What got you into doing this research?
For me it was the perfect intersection of science and skiing. As a kid, I loved math and science in school. I also spent a lot of time in the mountains with my dad. Toward the end of university, I came across 'glaciology' as an elective course and I was hooked. It's a field that applies the principles of math and physics to understand a fascinating part of our natural world. It's also a field that takes you to high, remote, cold, stark and beautiful places.
Why is your research important?
Glaciers shape the landscape we live in and are responsible for sculpting some of the most treasured features on Earth. They have been important players in the geologic past, at times taking over the entire planet during periods of 'Snowball Earth'. Our present-day glaciers and ice sheets are enormous frozen reservoirs of fresh water, harbouring the equivalent of 70m of global sea level rise. Though often out of sight, the way glaciers have changed in the past and will change in the future affects us all.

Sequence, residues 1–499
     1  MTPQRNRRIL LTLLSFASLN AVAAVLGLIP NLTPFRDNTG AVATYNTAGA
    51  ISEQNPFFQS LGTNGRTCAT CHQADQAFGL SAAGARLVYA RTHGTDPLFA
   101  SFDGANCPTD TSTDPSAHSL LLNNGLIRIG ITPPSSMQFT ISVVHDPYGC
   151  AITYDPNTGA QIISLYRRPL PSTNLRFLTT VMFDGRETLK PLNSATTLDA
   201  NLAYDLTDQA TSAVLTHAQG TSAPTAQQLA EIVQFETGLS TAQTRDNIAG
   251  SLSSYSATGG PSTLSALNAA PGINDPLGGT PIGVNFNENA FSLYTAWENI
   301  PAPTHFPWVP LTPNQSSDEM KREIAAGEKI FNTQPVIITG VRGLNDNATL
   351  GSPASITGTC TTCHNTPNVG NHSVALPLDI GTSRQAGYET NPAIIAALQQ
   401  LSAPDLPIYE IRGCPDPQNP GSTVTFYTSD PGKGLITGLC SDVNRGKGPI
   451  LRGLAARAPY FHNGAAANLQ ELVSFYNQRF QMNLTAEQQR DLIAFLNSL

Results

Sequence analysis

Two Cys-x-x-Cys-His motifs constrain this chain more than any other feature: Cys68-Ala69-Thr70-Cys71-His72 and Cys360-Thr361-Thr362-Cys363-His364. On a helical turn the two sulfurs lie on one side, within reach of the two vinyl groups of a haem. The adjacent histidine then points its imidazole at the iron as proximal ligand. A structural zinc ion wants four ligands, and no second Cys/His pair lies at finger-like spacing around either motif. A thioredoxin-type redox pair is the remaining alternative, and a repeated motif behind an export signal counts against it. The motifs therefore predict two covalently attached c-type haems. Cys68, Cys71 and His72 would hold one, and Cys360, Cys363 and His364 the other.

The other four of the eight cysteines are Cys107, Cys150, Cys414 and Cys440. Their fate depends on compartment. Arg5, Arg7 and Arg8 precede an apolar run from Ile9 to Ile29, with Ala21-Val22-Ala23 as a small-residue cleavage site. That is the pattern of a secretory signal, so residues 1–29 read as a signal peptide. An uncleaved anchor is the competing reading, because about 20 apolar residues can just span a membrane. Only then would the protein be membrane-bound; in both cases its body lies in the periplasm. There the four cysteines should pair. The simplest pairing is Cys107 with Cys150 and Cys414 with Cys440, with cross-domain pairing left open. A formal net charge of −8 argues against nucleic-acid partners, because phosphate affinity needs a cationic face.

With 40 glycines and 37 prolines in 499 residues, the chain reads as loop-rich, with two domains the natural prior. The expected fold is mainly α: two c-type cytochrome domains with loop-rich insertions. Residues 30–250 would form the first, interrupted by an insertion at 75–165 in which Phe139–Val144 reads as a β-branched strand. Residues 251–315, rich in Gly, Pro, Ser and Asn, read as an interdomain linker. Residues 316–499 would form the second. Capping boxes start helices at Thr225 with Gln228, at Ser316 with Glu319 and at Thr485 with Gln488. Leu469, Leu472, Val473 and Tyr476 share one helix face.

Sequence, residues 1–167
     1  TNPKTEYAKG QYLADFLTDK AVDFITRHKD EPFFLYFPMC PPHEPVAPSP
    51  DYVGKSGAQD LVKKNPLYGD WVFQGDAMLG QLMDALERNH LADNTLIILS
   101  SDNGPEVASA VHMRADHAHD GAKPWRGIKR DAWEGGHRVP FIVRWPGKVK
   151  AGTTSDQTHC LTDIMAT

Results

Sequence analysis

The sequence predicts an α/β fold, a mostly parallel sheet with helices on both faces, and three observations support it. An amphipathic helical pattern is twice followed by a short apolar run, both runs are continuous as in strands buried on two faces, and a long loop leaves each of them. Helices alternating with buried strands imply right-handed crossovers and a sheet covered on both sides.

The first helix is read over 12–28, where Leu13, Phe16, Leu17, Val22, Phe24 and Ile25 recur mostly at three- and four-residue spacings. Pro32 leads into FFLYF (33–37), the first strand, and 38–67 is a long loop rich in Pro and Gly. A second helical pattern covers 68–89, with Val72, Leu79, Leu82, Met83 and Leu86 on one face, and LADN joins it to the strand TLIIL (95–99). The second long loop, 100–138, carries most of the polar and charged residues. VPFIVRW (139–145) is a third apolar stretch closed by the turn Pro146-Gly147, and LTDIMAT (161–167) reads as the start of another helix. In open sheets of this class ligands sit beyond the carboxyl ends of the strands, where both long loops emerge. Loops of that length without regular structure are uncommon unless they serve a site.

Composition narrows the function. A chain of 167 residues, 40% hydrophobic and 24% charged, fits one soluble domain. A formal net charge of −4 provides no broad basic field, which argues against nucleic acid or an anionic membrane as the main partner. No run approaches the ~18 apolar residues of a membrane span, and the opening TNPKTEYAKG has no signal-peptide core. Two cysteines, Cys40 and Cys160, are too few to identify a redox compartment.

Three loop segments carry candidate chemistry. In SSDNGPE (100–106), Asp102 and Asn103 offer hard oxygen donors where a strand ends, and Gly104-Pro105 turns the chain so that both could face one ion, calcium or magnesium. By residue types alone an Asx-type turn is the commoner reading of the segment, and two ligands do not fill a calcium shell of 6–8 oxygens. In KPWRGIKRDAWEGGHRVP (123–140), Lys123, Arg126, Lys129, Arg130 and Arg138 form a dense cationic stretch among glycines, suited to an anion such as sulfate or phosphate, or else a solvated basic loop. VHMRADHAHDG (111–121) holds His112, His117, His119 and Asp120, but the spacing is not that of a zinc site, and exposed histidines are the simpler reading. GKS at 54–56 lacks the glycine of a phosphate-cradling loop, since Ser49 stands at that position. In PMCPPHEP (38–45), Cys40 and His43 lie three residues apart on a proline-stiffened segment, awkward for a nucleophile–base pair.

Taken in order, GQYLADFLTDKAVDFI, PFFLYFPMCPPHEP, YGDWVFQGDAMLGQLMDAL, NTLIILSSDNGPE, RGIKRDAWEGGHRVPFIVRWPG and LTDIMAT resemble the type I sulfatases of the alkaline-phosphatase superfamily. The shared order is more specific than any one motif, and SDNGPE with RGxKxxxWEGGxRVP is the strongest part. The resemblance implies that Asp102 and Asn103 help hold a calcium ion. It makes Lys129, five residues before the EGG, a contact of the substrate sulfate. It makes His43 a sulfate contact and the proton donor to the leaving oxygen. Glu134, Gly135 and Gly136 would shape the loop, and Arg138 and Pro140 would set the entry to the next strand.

What do you love about it?
Like all scientists, I love the aspect of discovery, of understanding something for the first time. I also like that, in studying the macroscopic natural world, we can see the objects of our research and some of their impacts on the landscape with our own eyes. At the same time, to understand how glaciers work, we have to rely on measurements of things we can't see: the speed of a glacier, the chemistry of its runoff, the turbulent exchange of energy at its surface. I also love the rhythm of the work, which combines months of computer-based analysis punctuated by weeks of field work where the effort is both physical and intellectual.